15. Last week I responded to a topic on Jim Straight's bibliography and got thinking that I would like to ask everyone out there what there favorite "Advanced" books are. I am not talking about the book that tells you to keep your coil level and low, or dig here books. Books that give methods, techniques, or other tips that you don't really know about until you go out and learn them on your own. (An example for me would be that I never really knew about raking an area and removing a layer of dirt to get even deeper, but after reading that it completely makes sense.) Other books that would be good are geology, geomorphology and hyrdogeology for "detectable nuggets." Sure we can use USGS and State GeoSurveys to find areas that have gold, but a lot of gold out there is fine and undetectable, I want books (pubs) on the formation of nuggety gold!. I haven't really seen or been able to research any info like that. I do have the basic grasp, but I love to read in the offseason and learn as much as I can to help on the hunt, plus I am ready for some advanced reading. Kind of sucks to skim through the first half of a book because it only talks about how to swing a detector Tell me your Favorites! Lets make a list! So far on the list: Fists Full of Gold: A complete Guide to the Art of Prospecting: How You Can Find Gold in the Mountains and Deserts. (Chris Ralph) The Complete unabridged Zip Zip (Larry Sallee) DFX Gold Methods: Finding Gold Jewelry with the Whites DFX E series TM Metal Detector. (Clive Clynick) Treasure Hunting Manual Vol 7 (Von Mueller) Tom Dankowski's 5th Edition Fisher Intelligence booklet. (Tom Dankowski) CoinShooting I, II, and III. (Glenn Carson) Advanced Nuggetshooting - How to Prospect for Gold with a Metal Detector.
  16. And so my research led me to LIDAR (Light Detection and Ranging) in the UK. Its incredible! Some sites are just reworked modern changes, but roman/medieval furrows are unmistakable, so are forts, mounds and village earthworks. Currently im scanning the landscape all around my area (within a 15 mile range at the moment). That's why i'm loving this hobby, because its not all about the cool detectors, the kit, the fun, the challenge and the exercise, but also much more about deep research, which involves a lot of thinking, and true history we can touch. Its got a lot going for it that's for sure! But i'm preaching to the converted i suppose 😉 The hobby has it all! and LIDAR is just one more tool in the research arsenal. For other noobs like me, give it a try, its an excellent resource. Happy detecting, Andy.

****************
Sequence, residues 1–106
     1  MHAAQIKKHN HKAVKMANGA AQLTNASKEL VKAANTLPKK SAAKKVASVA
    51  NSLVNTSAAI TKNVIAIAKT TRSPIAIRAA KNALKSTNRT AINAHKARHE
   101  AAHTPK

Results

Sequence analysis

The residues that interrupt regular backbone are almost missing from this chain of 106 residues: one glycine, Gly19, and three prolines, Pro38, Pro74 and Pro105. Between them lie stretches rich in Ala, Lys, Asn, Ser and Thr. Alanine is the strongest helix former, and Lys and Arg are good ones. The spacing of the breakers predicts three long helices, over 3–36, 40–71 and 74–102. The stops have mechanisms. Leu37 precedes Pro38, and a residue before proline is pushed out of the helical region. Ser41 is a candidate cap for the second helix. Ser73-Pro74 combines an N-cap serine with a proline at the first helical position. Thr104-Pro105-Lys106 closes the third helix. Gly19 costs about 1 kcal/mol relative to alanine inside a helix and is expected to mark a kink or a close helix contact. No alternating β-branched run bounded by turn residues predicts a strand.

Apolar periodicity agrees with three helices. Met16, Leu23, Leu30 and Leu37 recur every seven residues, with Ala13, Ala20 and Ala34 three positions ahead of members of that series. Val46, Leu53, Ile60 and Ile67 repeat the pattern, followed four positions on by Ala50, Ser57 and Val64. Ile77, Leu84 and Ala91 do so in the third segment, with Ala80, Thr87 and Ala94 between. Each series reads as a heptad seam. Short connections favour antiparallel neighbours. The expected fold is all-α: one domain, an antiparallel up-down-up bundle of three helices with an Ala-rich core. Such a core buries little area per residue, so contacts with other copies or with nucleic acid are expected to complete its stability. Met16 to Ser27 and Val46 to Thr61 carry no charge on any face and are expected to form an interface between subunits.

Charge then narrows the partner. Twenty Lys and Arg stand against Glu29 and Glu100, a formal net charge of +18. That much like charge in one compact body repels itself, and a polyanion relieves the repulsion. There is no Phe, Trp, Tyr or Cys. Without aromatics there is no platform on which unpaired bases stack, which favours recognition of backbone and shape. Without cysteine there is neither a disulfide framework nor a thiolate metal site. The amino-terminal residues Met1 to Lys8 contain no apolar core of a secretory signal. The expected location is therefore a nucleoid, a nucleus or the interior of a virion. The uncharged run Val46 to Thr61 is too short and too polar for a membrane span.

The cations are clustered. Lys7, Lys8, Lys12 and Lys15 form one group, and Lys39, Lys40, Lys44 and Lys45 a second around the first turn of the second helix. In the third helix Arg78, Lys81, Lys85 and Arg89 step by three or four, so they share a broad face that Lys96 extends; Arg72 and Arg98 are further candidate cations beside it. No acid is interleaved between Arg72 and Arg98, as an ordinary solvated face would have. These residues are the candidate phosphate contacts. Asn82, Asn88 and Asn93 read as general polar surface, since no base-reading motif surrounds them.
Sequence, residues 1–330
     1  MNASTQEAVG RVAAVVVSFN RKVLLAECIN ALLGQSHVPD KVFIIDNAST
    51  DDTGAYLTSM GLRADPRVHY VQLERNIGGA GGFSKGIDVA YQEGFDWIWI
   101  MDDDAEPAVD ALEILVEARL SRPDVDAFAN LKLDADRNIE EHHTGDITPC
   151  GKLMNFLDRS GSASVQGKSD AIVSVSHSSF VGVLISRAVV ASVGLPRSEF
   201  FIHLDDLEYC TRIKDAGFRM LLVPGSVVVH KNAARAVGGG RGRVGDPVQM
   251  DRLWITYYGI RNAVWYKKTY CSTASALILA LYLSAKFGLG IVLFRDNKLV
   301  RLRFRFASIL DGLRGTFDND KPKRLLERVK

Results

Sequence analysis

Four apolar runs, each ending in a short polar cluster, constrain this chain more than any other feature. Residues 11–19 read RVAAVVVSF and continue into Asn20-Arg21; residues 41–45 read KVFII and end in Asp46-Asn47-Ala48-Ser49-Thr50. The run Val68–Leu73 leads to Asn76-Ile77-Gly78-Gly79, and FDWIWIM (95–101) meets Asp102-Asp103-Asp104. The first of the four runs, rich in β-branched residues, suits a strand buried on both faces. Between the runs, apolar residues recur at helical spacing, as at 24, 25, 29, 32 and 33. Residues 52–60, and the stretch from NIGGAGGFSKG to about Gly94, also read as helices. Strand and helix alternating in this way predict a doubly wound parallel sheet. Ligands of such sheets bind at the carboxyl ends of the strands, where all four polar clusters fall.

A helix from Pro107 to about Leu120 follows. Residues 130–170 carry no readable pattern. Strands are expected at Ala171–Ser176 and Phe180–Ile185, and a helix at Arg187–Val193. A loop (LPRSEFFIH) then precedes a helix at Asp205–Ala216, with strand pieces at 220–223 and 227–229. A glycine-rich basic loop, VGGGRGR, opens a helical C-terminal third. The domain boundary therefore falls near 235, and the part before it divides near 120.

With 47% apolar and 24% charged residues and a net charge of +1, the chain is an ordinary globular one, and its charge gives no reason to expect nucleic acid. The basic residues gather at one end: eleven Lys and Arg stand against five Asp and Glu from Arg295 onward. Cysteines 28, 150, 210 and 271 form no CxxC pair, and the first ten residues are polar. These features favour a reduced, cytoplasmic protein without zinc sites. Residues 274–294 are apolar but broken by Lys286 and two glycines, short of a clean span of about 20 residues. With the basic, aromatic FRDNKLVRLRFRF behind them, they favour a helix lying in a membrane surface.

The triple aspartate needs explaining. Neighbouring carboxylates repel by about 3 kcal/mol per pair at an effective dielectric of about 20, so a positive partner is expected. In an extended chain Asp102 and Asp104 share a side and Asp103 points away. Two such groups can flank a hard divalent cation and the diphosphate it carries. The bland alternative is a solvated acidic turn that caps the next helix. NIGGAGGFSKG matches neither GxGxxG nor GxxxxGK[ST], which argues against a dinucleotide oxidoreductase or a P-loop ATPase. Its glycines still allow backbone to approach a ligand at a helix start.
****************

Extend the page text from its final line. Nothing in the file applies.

17. Just in time for Christmas, the new eighth edition of Jim Straights Follow The Drywashers "The Nuggetshooter's Bible" is now available. This book has a new binder, new cover and an additional 30-40 pages of information. First seen on Rob's forum at http://forums.nuggethunting.com/index.php?/topic/11756-jim-straights-new-nuggetshooters-bible-new-edition-volume-8/
  18. ed 1

    Best Read

    Hi, know that this is not Minbelab specific but what is the most informative/interesting magazine for me to order
  19. I have four books that I’m going to give away with all from 1972. All you have to do is just let me know that you want your name in the pot. I’ll put a number by your name and then put the number only in the pot and draw a winner out. This comtest will end 9 June at 6 PM CST. I will ship free to your address. Chuck
  20. Ive attached a lidar map of the main area i prospect. Id like to get peoples knee-jerk reactions on where they would swing a detector knowing large nuggets (they have generally been very crystalline with a few specimens found) have been found in the creek. So what would be your number 1, 2, and 3 spots to focus on. Ive detected around a good bit and have yet find anything outside of the creek, but i want to see if im missing something obvious. lol Search Area 1.pdf
  21. nuggetnewbie

    Newbie Question

    Never been prospecting before. I found an area that has gold history but i don't know how to find out who owns the land if anybody. It is just outside a National Forest which I'm pretty sure is ok to detect on but not sure about the area just outside. Any tips would help!
  22. So I did a search and didn't find what I was after. What I would like to figure out is how to find old places to coin shoot. I guess parks would be a easy point to start. 1. How to find the age of a place. 2. How to find old places that might be abandoned or reused. 3. General techniques of selecting a place to look for old coins. Example I live in Reno with Steve ( probably why I don't find good nuggets or coins). Steve got some great coins as of late and I can't find older than 70 decade. Now I could go to tahoe but that is a drive and I would like a few local spots to take my kids that like treasure hunting, that is what they call it. So I tried figuring it out, no dice. I don' mind doing the work, just need the formula. I was hoping that the veteran shooters had a method to their research and selection process. Thanks for the help.
  23. This is pretty neat stuff, and I think the applications for prospectors and relic hunters are obvious... http://news.nationalgeographic.com/news/2014/01/140103-new-england-archaeology-lidar-science/
  24. We are going to be moving to Tinker AFB, OK in June, but in the meantime, while still based on Eglin AFB, FL, I have been researching old, now demolished family housing areas to hunt before we leave. I have discovered a major housing area, where all the homes were built between 1955 and 1962. Still standing in 1969, but now demolished and open fields. Very easy to research using NETRonline Historic Aerials against current Google Satellite maps. The kicker of this area is that it is on-base, and due to very restricted access, these fields are very likey virgin for hunting. I expect a lot of silver, wheaties and more in the front areas of these homes, as well as the always-open fields behind the housing circles, where kids would play, and parties held. Only hunting them will prove out my theory, but I have four remaining weeks at Eglin to find what I can! Here are the Aerial vs. current satellite pics. After we leave, I hope someone into MD'ing will be assigned to Eglin and find this post. (Of course, I hope I've already recovered ALL the silver!! LOL)